Cryo-electron microscopy and 60 million worms enable first visualization of hearing mechanisms

By The Science Advisory Board staff writers

October 14, 2022 -- Scientists at Oregon Health & Science University (OHSU) have revealed, for the first time and in near-atomic detail, the structure of the key part of the inner ear responsible for hearing. The study, published October 13 in the journal Nature, could point the way toward new treatments for hearing loss.

The inner ear complex that converts vibrations into electrical impulses that the brain translates as sound is known as the mechanosensory transduction complex. This process is responsible for the sensations of balance and sound. However, its molecular basis has long been unclear.

Hearing loss, which affects more than 460 million people worldwide, can be inherited through gene mutations that alter the proteins comprising the mechanosensory transduction complex. Alternatively, it can occur from damage, including sustained exposure to loud noise.

The nematode, or roundworm(Caenorhabditis elegans), fortuitously harbors a mechanosensory transduction complex very similar to humans. The researchers spent five years painstakingly optimizing their worm-growth and protein-isolation methods, eventually utilizing 60 million worms, along with state-of-the-art cryo-electron imaging -- available at only three cryo-electron microscopy centers in the U.S. Their work revealed the structure of a mechanically sensitive protein complex in the roundworms, illuminating the architecture of the machinery that translates mechanical forces into electrical signals.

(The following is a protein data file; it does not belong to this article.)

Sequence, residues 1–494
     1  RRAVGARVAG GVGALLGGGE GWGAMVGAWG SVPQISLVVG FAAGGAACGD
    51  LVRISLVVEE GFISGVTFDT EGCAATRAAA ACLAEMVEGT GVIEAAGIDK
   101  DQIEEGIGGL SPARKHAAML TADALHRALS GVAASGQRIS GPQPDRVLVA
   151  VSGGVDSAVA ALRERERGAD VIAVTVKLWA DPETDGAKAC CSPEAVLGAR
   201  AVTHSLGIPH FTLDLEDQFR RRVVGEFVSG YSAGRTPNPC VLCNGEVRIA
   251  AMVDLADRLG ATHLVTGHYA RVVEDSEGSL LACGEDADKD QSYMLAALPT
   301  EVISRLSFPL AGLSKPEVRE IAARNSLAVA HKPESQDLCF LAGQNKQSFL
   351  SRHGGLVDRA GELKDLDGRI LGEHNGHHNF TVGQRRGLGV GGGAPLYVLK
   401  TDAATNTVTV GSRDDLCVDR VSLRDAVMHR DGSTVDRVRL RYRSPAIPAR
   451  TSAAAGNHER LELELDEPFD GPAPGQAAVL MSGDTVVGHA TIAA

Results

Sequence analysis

"The auditory neuroscience field has been waiting for these results for decades, and now that they are right here, we are ecstatic," OHSU research scientist Peter Barr-Gillespie, PhD, said in a statement. "The results from this paper immediately suggest new avenues of research, and so will invigorate the field for years to come."

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